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Publication numberUS4352242 A
Publication typeGrant
Application numberUS 06/273,585
Publication dateOct 5, 1982
Filing dateJun 15, 1981
Priority dateMar 3, 1980
Fee statusPaid
Publication number06273585, 273585, US 4352242 A, US 4352242A, US-A-4352242, US4352242 A, US4352242A
InventorsCatherine Plet
Original AssigneeCatherine Plet
Export CitationBiBTeX, EndNote, RefMan
External Links: USPTO, USPTO Assignment, Espacenet
Apparatus for producing a skewered stack of food
US 4352242 A
A gourmet press for producing hors d'oeuvres and similar snacks in the form of morsels of various foods stacked on a skewer. The press is a tubular device with a sharpened end which is pressed into various foods such as cheese, meat, bread, fruit and the like to cut out portions of such foods. Cut portions of food stack successively inside the tube and, when the required stack is complete, a skewer is inserted through the stack. The skewered stack is then ejected by a finger operated plunger mounted in the tube.
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Having described my invention, I now claim:
1. A gourmet press for producing skewered stacks of food morsels, comprising:
an elongated hand-held tube,
the first end of said tube having an internally bevelled cutting edge for cutting food morsels and facilitating the entry of the cut morsels into the tube,
a removable plug mountable in the second end of said tube,
a shaft retained by and axially slideable through said plug, and having its first end insertable into said tube,
a plunger fixed on the first end of said shaft and slideable within said tube,
said plunger and shaft being houseable within said tube and plug when said shaft is fully inserted into said tube,
said plunger having a central opening therein,
the first end of said shaft having a skewer receiving socket axially aligned with said plunger opening,
said plunger opening and socket defining a passage for receiving the end of a skewer inserted through the first end of said tube,
a finger engageable knob fixed on the second end of said shaft, and
said plug, shaft, plunger and knob comprising a plunger assembly which is removable from said tube to facilitate the cleaning of said press.

This is a continuation of application Ser. No. 126,976 filed Mar. 3, 1980, now abandoned.


Hors d' oeuvres and similar small snacks are prepared in a variety of ways, often with morsels of various foods impaled on a toothpick or small skewer for ease of handling. Several different food morsels can be stacked on a skewer for a tasty combination. All of the various food morsels must be cut, chopped, sliced, or otherwise prepared and impaled on the skewers individually. When catering for a large number of people this can be a very time consuming operation, especially when the snacks are to be arranged in artistic displays. It would be a great advantage to individuals and professional caterers to be able to prepare large numbers of such snacks rapidly and of consistent form and attractive appearance.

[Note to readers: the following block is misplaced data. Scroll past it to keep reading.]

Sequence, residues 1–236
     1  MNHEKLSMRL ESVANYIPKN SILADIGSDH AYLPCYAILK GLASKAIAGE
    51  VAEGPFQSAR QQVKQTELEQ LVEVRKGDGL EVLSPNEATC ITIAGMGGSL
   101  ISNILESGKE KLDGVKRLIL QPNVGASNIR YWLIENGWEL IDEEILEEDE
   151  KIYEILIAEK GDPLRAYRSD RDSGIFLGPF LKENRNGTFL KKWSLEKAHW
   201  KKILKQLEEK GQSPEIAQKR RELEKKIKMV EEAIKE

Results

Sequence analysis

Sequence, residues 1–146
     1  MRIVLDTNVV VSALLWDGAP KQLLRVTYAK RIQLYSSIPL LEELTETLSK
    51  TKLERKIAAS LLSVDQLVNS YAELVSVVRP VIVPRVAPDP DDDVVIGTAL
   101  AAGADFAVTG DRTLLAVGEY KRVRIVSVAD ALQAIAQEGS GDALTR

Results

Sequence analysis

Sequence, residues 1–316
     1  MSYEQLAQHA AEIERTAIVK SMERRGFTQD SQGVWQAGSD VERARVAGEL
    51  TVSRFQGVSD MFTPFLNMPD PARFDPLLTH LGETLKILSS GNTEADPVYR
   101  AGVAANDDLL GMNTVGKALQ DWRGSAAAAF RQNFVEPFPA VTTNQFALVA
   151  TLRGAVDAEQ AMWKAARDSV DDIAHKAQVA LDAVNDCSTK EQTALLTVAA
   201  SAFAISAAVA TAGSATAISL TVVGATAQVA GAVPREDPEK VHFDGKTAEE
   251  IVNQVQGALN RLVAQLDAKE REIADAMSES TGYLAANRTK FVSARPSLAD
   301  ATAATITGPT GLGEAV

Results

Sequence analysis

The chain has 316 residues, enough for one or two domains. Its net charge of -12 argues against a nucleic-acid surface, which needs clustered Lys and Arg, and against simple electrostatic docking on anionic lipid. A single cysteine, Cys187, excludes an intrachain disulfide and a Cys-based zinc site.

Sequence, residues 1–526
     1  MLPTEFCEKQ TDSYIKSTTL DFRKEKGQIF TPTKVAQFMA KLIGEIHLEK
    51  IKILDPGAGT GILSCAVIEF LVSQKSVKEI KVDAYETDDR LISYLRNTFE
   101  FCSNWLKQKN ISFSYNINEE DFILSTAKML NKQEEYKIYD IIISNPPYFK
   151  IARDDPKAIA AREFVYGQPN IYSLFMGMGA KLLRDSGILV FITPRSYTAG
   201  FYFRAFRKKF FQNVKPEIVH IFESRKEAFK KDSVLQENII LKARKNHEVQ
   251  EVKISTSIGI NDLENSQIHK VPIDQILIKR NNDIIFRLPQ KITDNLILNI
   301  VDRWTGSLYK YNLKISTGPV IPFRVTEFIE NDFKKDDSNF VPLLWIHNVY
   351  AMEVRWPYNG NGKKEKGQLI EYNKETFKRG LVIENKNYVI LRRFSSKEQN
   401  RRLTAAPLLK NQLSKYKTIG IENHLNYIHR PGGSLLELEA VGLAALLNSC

The gourmet press described herein enables the user to prepare snacks of various food morsels stacked on a skewer very rapidly and without requiring the user to handle the foods during the operation. The press comprises a simple cylindrical tube with one end sharpened to a peripheral cutting edge. In the other end of the tube is a plug which holds the shaft of a plunger slidably mounted in the tube, the shaft having an external finger actuated knob.

Various foods such as cheese, meat, bread and the like, preferably in sliced form of suitable thicknesses, are placed on a cutting surface. The tube is then pressed into the foods to cut out small portions with the sharpened end, the portions being frictionally retained in the tube. Successive portions of foods stack in the tube until the required arrangement is complete. A skewer is then inserted through the stack, the plunger having a socket to allow the skewer to extend completely through the stack. The resultant snack item is then ejected from the tube by means of the plunger.

The process is very rapid and the user need not handle the foods during the cutting and stacking. Various foods can be assembled in any order to prevent an attractive array of colors and textures, the projecting end of the skewer allows the snack to be mounted on a decorative base or form to make up a display. Also, the extended skewer allows an individual consumer to pick up a grape, cherry, or other such food item which would not be practical to cut and stack in the press. Many different combinations can thus be assembled to suit individual taste.

The primary object of this invention, therefore, is to provide a new and improved gourmet press.

Another object of this invention is to provide a tubular press with a cutting edge for cutting and holding morsels of various foods in a stack within the tube, for ease of mounting on a skewer.

A further object of this invention is to provide a gourmet press having a plunger for ejecting a skewered stack of food morsels from the tube.

Other objects and advantages will be apparent in the following detailed description, taken in conjunction with the accompanying drawing, in which:

FIG. 1 is a perspective view of the separated components of the gourmet press.

FIG. 2 is an enlarged side elevation view of the assembled press, with portions cut away.

FIG. 3 illustrates the use of the press in a cutting action.

FIG. 4 is a side elevation view, partially cut away, illustrating the ejection of a skewered stack of food morsels from the press.

FIG. 5 is a perspective view of a typical snack prepared in the press.


The gourmet press comprises an elongated tube 10 and a plunger assembly 12, which are easily separated for cleaning, as in FIG. 1. Tube 10 is shown as being of circular cross section, but could be of any other convenient shape. One end of tube 10 is internally bevelled at 14 to provide a peripheral cutting edge 16.